Destroy All Monsters: It's A JURASSIC WORLD, And Apparently I Don't Live There Any More
It's a potent image, as others have noted: a dangling great white shark, purpose-built to remind us of Jaws, being lazily consumed by a gargantuan CGI mosasaur, leaping out of the water at Jurassic World in front of a stadium full of spectators who apparently didn't get the memo re: Sea World being awful.
(Or Isla Nublar being a human slaughterhouse, for that matter.)
The single sequence condenses down into about 40 seconds the entirety of the past 40 years of blockbuster filmmaking. (Jaws was released 40 years ago this week.) I'm nearly 39 years old, and the 40 years in question seem to have seen the rise, peak, and fall of my ability to locate a movie like Jurassic World within my sweet spot.
Rarely in my life have the tastes of the blockbuster masses and my own been so far out of step. It happens, but normally, when something is an out-of-control hit, even if I don't warm to it personally, I can see what the rest of the audience is getting out of it. (I've been doing a podcast on that subject for ten years.)
Jurassic World is an out-of-control hit. It is now the record-holder for the biggest opening weekend in history; it crossed the half-billion dollar mark in less time than any movie ever; it will now almost certainly be the highest grossing film of the summer, and quite possibly the year.
That is an amazing thing, from a moviegoing perspective. With The Force Awakens ahead and Avengers 2 and Furious 7 behind us, we were already looking likely to add three 2015 films to the all-time top ten grossing films.
Mockingjay 2 might have made a fourth, but now Jurassic World definitely makes the list as well, meaning that 2015 will break another record. This makes me glad: it means that people are still going to the movies, and going to the kind of movies that (generally speaking) are the movies I love most.
Except, Jurassic World sort of baffles the shit out of me.
It isn't terrible - it's better than Jurassic Park III - but it's pretty undercooked, even for this franchise. Jurassic Park was undercooked too, but rode the wave of its own novelty to box office gold; back in '93, I felt like I had really seen dinosaurs for the first time, a trick that can only work once.
Jurassics Park and World are united in the degree to which they're about themselves as much as they're about what they're about. Jurassic Park was about brand-first entertainment spectacle, and Jurassic World is the post-modern repeat of the same idea; it's about our nostalgia for brand-first spectacle.
(Notably, John Williams' iconic Jurassic Park theme, which in the original film accompanied the awe-inspiring reveal of the brachiosaur, here accompanies the awe-inspiring[?] reveal of the amusement park atrium. I think you can just barely make out the Starbucks.)
What a sorry state of affairs that is, by the way: in my lifetime, we've gone from falling in love with stories, to falling in love with brands (guilty, I assure you), to falling in love with falling in love with brands. Jurassic World tees that idea up with something resembling relish, and then forgets to do anything cunning with the text after the fact.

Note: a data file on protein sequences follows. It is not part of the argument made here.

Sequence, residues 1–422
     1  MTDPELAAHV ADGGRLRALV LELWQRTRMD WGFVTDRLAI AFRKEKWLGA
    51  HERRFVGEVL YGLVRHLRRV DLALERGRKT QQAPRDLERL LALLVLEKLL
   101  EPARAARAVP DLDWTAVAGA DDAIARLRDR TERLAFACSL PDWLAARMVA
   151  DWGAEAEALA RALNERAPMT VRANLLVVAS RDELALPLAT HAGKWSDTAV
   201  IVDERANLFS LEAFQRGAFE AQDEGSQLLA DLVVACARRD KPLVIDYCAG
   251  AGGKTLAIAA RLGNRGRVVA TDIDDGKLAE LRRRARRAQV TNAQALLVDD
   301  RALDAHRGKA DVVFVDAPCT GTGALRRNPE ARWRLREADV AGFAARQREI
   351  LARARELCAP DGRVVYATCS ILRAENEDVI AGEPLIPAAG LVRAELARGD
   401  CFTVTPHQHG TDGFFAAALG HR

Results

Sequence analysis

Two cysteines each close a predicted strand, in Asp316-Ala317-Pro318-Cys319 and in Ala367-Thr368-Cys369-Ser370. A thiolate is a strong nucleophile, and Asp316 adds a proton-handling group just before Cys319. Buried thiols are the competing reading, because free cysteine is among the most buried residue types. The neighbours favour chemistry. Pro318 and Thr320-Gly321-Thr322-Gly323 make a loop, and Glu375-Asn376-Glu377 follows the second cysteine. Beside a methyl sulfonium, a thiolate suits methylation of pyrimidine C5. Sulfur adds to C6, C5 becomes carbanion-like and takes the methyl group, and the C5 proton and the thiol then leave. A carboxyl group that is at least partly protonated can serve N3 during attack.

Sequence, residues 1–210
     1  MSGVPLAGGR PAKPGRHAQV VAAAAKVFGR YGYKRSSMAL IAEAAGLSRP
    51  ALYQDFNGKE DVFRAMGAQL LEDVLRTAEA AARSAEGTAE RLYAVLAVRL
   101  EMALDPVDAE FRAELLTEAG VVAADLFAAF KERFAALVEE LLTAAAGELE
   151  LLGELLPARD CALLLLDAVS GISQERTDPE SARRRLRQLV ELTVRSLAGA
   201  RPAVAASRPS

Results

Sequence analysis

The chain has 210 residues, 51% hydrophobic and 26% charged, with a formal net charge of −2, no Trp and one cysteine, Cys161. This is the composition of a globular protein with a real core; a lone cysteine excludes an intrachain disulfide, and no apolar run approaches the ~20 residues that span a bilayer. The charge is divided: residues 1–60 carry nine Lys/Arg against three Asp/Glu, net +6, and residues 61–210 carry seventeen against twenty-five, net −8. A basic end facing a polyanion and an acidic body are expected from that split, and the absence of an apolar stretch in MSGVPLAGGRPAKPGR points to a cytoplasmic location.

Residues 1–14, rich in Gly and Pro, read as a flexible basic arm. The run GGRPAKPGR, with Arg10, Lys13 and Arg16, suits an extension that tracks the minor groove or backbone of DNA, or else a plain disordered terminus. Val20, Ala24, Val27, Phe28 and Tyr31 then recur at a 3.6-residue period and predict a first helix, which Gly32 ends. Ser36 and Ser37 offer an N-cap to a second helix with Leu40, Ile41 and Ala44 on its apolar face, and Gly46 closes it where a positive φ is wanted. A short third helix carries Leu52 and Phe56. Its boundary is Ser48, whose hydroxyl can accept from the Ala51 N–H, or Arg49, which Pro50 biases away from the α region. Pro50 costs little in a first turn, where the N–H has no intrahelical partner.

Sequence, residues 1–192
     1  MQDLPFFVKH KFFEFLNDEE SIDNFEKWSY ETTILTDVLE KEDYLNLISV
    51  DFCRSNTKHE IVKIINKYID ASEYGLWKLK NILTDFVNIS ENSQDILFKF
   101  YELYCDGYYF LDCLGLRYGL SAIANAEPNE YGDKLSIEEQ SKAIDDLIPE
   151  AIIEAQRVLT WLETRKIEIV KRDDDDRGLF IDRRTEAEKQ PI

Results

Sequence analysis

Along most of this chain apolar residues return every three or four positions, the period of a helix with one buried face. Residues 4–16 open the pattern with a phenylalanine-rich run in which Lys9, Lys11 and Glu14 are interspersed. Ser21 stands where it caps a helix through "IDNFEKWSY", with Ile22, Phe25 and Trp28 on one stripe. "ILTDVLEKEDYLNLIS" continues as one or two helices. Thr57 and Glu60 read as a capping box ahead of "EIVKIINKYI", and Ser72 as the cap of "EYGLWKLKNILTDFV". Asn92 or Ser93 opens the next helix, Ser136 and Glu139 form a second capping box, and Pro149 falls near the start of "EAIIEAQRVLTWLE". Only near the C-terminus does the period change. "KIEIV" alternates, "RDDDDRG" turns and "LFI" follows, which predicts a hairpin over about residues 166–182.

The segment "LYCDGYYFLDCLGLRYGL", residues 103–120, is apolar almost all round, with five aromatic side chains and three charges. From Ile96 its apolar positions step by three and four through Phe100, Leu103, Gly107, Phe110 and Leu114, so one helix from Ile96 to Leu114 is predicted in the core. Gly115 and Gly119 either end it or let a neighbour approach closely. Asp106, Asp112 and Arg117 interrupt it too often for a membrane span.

Whatever. It's unreasonable to expect a movie like this to have its subtextual cake and eat its entertainment value too. (For a movie that tipped the balance in the other direction, see last year's Godzilla.)
But is it unreasonable to be astonished that something as rote as Jurassic World nonetheless managed to suck down half a billion bucks in three days? There aren't that many people my age who lost their proverbial (or not proverbial) cherries at the movies in the summer of 1993; and call me a far-out old fogey, but I woke up Friday morning believing pretty concretely that "these kids today" couldn't give less of a fuck about CGI dinosaurs.
I'm not saying that because kids suck; I'm saying it because this generation has CGI everything. When Daenerys Targaryen can have a heart-to-heart with a fully-rendered dragon on an Irish hillside on Sunday night, who the fuck needs a mosasaur?!
Where's the value proposition in Jurassic World? What makes this movie a perfect storm of summer entertainment, and not Mad Max (more worthy), Tomorrowland (more original), or for that matter, Avengers 2 (exactly as commercial, CGI, and kid-friendly - and now apparently a runner-up)?
I've got no good answer, though my best theory is a wholly depressing one: to achieve this kind of market fortitude in 2015, your blockbuster must be exactly this less-worthy, less-original, and less-whatever-Avengers-2-isn't.
Jurassic World is a masterpiece of "good enough."
It will offend absolutely no one. Even the fracas over Bryce Dallas Howard's heels does little more than subtly reinforce Meninism values while not being as out-and-out problematic as the Red Room scene in Age of Ultron.
JW is a movie about white people going to the equivalent of a shopping mall and getting attacked by made-up monsters that can't possibly be analogized to anything troubling enough to be happening in the real world. (The big emotional crisis in the movie? Divorce. Welcome back, 1982!)
The movie is safely non-inventive. It's based on a cherished, decades-old property; it's directed competently by a guy most people have never heard of, and it stars that affable fella from that movie you liked. It does exactly as advertised and not a single thing more, because veering from the advertised script might risk delighting some people, while alienating others.
Yeah: Jurassic World is going to make a fortune, all right. For an incredible number of people, it's basically the perfect movie.
Destroy All Monsters is a weekly column on Hollywood and pop culture. Matt Brown is in Toronto and on twitter.